Uni­ver­sity pres­i­dents must be the cat­a­lyst for cul­ture change at their insti­tu­tions and sup­port those who will bring that change to fruition, North­eastern Pres­i­dent Joseph E. Aoun said Tuesday morning during a panel dis­cus­sion in Wash­ington, D.C.

The mis­take we pres­i­dents make is when we define our­selves as a change agent,” Aoun said. “We suc­ceed the day people take over for us and become the change dri­vers. We are the cat­a­lysts and should let the early adopters lead.”

George­town Uni­ver­sity hosted the event, which was co-​​sponsored by Ari­zona State Uni­ver­sity. The panel dis­cus­sion, titled “Lead­er­ship for the Inno­v­a­tive Uni­ver­sity,” focused on the skills and attrib­utes col­leges and uni­ver­si­ties will demand from their leaders in the future.

Northeastern University President Joseph E. Aoun, center, responds to a question during the panel discussion titled "Leadership for the Innovative University." Photo credit: Theresa Keil Photography

North­eastern Uni­ver­sity Pres­i­dent Joseph E. Aoun, center, responds to a ques­tion during the panel dis­cus­sion titled “Lead­er­ship for the Inno­v­a­tive Uni­ver­sity.” Photo credit: Theresa Keil Photography

Aoun is a national leader on issues crit­ical to higher edu­ca­tion. He fre­quently writes and speaks about inno­va­tion in higher edu­ca­tion, with par­tic­ular emphasis on Amer­ican higher edu­ca­tion in a global context.

In addi­tion to Aoun, the panel com­prised Ben­jamin Freakley, a pro­fessor of prac­tice at ASU and a retired U.S. Army lieu­tenant gen­eral; Heather Fraser, co-​​founder of Rotman Design­Works at the Uni­ver­sity of Toronto; William Kirwan, Uni­ver­sity System of Mary­land chan­cellor; and Jami­enne Studley, acting deputy under sec­re­tary of the Depart­ment of Education.

Jef­frey Selingo, pro­fessor of prac­tice at ASU and con­tributing editor at The Chron­icle of Higher Edu­ca­tion, mod­er­ated the dis­cus­sion. When the pan­elists were asked if they believe lead­er­ship is an innate quality or if it’s some­thing that can be taught, Aoun he said he believes higher edu­ca­tion helps people deter­mine what type of leader they want to be.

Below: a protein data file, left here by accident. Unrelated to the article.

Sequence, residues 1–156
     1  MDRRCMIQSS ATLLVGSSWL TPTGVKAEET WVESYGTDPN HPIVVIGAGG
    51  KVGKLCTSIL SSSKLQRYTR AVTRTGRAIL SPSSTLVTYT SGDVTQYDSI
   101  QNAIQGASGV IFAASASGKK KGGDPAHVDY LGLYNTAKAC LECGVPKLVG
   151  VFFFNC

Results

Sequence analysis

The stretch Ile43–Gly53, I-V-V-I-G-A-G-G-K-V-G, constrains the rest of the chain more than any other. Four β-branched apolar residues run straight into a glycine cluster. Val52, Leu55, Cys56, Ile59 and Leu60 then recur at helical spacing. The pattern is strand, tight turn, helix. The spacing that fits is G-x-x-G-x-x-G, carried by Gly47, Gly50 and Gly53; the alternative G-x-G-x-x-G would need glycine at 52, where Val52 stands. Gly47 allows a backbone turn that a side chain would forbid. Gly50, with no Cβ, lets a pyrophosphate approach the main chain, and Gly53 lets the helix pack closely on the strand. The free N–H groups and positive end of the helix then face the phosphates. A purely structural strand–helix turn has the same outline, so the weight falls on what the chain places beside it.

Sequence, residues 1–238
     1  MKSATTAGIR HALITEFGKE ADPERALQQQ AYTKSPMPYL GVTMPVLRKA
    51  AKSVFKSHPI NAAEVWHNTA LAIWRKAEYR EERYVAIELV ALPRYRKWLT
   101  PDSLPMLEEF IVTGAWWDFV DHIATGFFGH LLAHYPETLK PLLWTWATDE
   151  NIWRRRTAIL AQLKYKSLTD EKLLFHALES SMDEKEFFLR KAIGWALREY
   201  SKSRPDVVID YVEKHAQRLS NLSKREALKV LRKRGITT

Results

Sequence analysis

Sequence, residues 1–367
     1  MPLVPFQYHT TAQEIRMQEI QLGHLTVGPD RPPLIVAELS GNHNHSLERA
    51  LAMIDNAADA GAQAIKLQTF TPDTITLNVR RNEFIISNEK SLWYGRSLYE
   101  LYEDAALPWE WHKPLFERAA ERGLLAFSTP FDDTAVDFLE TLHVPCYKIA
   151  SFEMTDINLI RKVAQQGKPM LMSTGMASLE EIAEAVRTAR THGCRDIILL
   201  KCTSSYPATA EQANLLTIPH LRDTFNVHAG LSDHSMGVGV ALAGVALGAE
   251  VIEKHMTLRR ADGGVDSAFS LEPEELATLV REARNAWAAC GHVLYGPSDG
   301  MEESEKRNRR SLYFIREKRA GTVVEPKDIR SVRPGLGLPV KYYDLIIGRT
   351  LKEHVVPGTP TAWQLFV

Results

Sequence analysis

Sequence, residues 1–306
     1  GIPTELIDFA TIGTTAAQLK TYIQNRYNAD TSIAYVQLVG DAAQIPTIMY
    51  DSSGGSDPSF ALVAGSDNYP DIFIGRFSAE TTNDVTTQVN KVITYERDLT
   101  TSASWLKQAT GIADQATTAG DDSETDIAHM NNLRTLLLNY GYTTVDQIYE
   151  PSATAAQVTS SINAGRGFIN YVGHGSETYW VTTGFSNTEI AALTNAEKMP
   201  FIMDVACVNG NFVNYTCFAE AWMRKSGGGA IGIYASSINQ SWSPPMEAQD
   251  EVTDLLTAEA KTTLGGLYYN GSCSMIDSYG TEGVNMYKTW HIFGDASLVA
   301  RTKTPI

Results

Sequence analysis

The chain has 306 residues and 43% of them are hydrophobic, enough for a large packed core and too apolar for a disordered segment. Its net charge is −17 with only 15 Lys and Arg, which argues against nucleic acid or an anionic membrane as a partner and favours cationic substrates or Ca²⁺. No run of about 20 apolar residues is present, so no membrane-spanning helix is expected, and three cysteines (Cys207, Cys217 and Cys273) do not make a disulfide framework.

In some ways edu­ca­tion has a trig­gering effect,” Aoun noted. “It doesn’t create lead­er­ship, but it can help you under­stand what lead­er­ship is going to be about.”

He added that lead­er­ship is not uni­form and leaders at higher edu­ca­tion insti­tu­tions thrive when there is a strong match between the leader and institution.

When asked for an out­side per­spec­tive from her role with the fed­eral gov­ern­ment, Studley said she rec­og­nizes changing cul­ture is hard and it’s hard to manage, and there­fore it is essen­tial for leaders to ask good ques­tions. “The people who seem to be doing an immensely effec­tive job are asking fun­da­mental and core ques­tions that help them focus and help an insti­tu­tion seek new path­ways,” she said.

Aoun was also asked whether col­lege and uni­ver­sity pres­i­dents’ roles will change over the next decade. “The job is going to change dra­mat­i­cally,” he responded, adding that he mea­sures suc­cess each year by whether he’s empow­ering others around him to succeed.

Ear­lier this year, Aoun par­tic­i­pated in a higher edu­ca­tion summit hosted by U.S. Pres­i­dent Barack Obama that focused on max­i­mizing col­lege access, afford­ability, and suc­cess for low-​​​​income stu­dents. Also this year he offered his exper­tise to the U.S. Depart­ment of Edu­ca­tion on its new col­lege ranking system.

Last year he con­cluded his term as chair of the Amer­ican Council on Edu­ca­tion, the nation’s largest higher edu­ca­tion advo­cacy orga­ni­za­tion. He also serves on the U.S. Depart­ment of Home­land Security’s aca­d­emic advi­sory council and has led efforts in higher edu­ca­tion to sup­port crit­ical defense and home­land secu­rity research funding, to pre­serve fed­eral finan­cial aid for stu­dents, and to advance expe­ri­en­tial learning as a valu­able edu­ca­tional model.